As someone who follows the data warehousing or big data scene, you're probably familiar with some of the decisions that algorithms are now making, based largely on the increasing volumes on information that we have been gathering, particularly over recent years. We all know by now that online retailers and search engines use sophisticated algorithms to decide what we see when we go to a web page. Mostly, we're pretty pleased that what comes up is well-matched to our expectations and that we don't have to plow through a list of irrelevant suggestions. We're thankful for the reduction in information overload.
But, there are a few downsides to our growing reliance on algorithms and the data they graze upon...
But there's a much more subtle downside, and one that has been of concern to me for years. Just because we can do some particular analysis, does it really make sense? The classic case is in the use of BI and data mining in the insurance industry. Large data sets and advanced algorithms allow insurers to discover subtle clues to risk in segments of the population and adjust premiums accordingly. Now, of course, actuaries have been doing this since the 18th and 19th centuries. But the principal driver in the past was to derive an equitable spread of risk in a relatively large population, such that the cost of a single event was effectively spread over a significantly larger number of people. However, data mining allows ever more detailed segmentation of a population, and insurers have responded by identifying particularly high-risk groups and effectively denying them insurance or pricing premiums so high that such people cannot insure their risk. While in some cases we can argue that this drives behavior changes that reduce overall risk (for example, safer driving practices among young males), in many other instances, no such change is possible (for example, for house owners living on flood plains). I would argue that excessive use of data mining to segment risk in insurance eventually destroys the possibility to spread risk equitably and thus undermines the entire industry.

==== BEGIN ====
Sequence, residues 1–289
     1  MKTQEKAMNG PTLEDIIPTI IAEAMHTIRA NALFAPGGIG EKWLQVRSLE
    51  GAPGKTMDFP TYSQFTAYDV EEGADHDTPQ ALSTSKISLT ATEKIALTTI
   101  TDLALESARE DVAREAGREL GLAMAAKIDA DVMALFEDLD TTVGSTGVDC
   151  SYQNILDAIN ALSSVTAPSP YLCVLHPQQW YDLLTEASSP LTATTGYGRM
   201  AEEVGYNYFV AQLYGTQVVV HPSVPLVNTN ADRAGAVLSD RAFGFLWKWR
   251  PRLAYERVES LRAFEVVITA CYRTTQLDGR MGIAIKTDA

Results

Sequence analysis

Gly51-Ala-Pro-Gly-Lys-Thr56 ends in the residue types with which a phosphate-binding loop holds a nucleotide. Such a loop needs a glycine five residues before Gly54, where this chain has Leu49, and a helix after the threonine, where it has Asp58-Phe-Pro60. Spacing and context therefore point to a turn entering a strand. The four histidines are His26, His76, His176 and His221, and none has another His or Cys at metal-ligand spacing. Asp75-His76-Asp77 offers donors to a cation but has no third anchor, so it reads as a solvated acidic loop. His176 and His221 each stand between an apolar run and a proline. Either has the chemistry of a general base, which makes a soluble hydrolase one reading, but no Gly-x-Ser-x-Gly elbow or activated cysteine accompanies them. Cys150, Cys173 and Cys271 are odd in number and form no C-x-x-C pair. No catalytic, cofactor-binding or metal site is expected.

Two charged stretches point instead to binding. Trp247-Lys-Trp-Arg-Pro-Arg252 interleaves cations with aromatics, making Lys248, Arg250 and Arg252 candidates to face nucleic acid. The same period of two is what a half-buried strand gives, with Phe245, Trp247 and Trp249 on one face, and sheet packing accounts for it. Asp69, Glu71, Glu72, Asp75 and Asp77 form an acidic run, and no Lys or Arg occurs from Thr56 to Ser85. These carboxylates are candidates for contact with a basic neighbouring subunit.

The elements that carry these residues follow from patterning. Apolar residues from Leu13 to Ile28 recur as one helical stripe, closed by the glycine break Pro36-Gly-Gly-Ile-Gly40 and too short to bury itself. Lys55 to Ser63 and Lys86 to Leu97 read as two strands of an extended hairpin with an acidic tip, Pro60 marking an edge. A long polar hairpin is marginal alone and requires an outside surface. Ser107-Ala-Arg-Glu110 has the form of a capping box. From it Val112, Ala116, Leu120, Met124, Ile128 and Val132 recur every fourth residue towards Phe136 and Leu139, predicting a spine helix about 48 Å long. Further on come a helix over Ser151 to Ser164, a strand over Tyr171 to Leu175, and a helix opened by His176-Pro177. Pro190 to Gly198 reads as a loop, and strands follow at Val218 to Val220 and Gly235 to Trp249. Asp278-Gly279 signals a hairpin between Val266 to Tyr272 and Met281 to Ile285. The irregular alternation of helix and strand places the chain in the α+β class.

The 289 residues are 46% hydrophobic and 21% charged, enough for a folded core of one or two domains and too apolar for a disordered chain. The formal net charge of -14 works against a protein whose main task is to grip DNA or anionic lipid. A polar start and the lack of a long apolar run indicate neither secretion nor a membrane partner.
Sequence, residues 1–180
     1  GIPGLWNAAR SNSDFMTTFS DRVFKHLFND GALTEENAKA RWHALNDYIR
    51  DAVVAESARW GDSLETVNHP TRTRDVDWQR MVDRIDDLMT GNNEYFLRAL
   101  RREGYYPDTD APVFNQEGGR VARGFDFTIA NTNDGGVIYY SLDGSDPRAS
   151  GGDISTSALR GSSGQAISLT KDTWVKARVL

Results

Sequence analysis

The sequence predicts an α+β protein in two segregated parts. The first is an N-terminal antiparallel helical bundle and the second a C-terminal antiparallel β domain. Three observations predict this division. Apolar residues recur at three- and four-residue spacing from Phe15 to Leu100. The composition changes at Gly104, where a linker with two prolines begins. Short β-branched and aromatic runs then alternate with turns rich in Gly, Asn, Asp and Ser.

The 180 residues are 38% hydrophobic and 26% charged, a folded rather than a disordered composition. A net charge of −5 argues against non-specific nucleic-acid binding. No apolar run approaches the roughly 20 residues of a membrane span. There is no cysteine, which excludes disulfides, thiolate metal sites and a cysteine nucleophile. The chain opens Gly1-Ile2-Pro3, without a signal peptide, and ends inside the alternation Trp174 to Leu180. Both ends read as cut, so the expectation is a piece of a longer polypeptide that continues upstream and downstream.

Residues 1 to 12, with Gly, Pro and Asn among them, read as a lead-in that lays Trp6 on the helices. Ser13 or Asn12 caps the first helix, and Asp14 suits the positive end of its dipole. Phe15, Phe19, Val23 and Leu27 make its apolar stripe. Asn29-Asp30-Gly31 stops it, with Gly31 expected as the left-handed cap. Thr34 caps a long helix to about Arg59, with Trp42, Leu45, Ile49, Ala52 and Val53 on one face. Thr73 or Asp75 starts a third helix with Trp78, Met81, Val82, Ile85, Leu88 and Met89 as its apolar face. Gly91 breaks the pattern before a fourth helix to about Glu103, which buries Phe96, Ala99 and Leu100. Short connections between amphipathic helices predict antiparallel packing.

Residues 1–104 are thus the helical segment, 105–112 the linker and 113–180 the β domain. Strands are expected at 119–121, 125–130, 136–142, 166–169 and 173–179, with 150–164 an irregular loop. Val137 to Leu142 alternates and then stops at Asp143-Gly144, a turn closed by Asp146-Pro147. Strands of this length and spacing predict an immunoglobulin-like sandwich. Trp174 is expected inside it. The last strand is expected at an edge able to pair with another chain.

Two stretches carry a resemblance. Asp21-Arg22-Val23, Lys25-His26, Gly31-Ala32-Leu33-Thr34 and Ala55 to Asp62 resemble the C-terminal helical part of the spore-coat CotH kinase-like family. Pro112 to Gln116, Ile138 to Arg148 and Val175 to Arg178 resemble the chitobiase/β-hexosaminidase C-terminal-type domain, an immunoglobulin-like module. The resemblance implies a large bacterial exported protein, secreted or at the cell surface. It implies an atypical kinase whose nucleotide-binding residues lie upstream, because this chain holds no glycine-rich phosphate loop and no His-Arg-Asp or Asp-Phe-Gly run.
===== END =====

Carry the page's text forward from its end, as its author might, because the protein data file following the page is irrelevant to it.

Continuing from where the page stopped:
In a similar manner, the widespread use of sophisticated algorithms and technology to speed trading seems to me to threaten the underlying purpose of futures and other financial markets, which, in my simplistic view, is to enable businesses to effectively fund future purchases or investments. The fundamental goal of the algorithms and speedy decision making, however, seems to be to maximize profits for traders and investors, without any concern for the overall purpose of the market. We've seen the results of this dysfunctional behavior over the past few years in the derivatives market, where all sense of proportion and real value was lost in the pursuit of illusory financial gain.
But, it gets worse! The BBC article reveals how a British company, Epagogix, uses algorithms to predict what makes a hit movie. Using metrics such as script, plot, stars, location, and the box office takings of similar films, it tries to predict the success of a proposed production. The problem here, and note that the same applies to book suggestions on Amazon and all similar approaches, is that the algorithm depends on past consumer behavior and predicts future preferences based upon that. The question is: how do new preferences emerge if the only thing being offered is designed solely to satisfy past preferences?
I would argue that successful business strategy requires a subtle blend of understanding past buyer behavior and offering new possibilities that enable and encourage new behaviors to emerge. If all that a business offers is that which has been successful in the past, it will be rapidly superseded by new market entrants that are not locked into the past. The danger of an over-reliance on data mining and algorithms is that innovation is stifled for business. More importantly, for civilization, imagination is suffocated and strangled for lack of new ideas and thoughts.
Do you want to live in such an algorithm-controlled world? As Wakefield puts it so well: "In reality, our electronic overlords are already taking control, and they are doing it in a far more subtle way than science fiction would have us believe. Their weapon of choice - the algorithm."
Posted August 25, 2011 6:19 AM
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